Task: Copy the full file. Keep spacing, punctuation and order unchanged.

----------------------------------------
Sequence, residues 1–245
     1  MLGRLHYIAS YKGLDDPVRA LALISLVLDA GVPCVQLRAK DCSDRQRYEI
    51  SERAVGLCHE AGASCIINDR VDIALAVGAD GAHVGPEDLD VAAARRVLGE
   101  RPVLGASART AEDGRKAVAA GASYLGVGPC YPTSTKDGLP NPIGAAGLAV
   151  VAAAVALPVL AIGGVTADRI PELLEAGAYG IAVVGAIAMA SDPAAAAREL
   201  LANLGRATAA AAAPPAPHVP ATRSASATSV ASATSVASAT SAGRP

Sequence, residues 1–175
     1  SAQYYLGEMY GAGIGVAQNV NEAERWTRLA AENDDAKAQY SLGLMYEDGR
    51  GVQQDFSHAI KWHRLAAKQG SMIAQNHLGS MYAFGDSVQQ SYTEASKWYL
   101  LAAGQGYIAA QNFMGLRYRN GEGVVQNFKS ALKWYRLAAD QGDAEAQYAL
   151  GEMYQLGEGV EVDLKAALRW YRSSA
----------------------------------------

Sequence, residues 1–245
     1  MLGRLHYIAS YKGLDDPVRA LALISLVLDA GVPCVQLRAK DCSDRQRYEI
    51  SERAVGLCHE AGASCIINDR VDIALAVGAD GAHVGPEDLD VAAARRVLGE
   101  RPVLGASART AEDGRKAVAA GASYLGVGPC YPTSTKDGLP NPIGAAGLAV
   151  VAAAVALPVL AIGGVTADRI PELLEAGAYG IAVVGAIAMA SDPAAAAREL
   201  LANLGRATAA AAAPPAPHVP ATRSASATSV ASATSVASAT SAGRP

Sequence, residues 1–175
     1  SAQYYLGEMY GAGIGVAQNV NEAERWTRLA AENDDAKAQY SLGLMYEDGR
    51  GVQQDFSHAI KWHRLAAKQG SMIAQNHLGS MYAFGDSVQQ SYTEASKWYL
   101  LAAGQGYIAA QNFMGLRYRN GEGVVQNFKS ALKWYRLAAD QGDAEAQYAL
   151  GEMYQLGEGV EVDLKAALRW YRSSA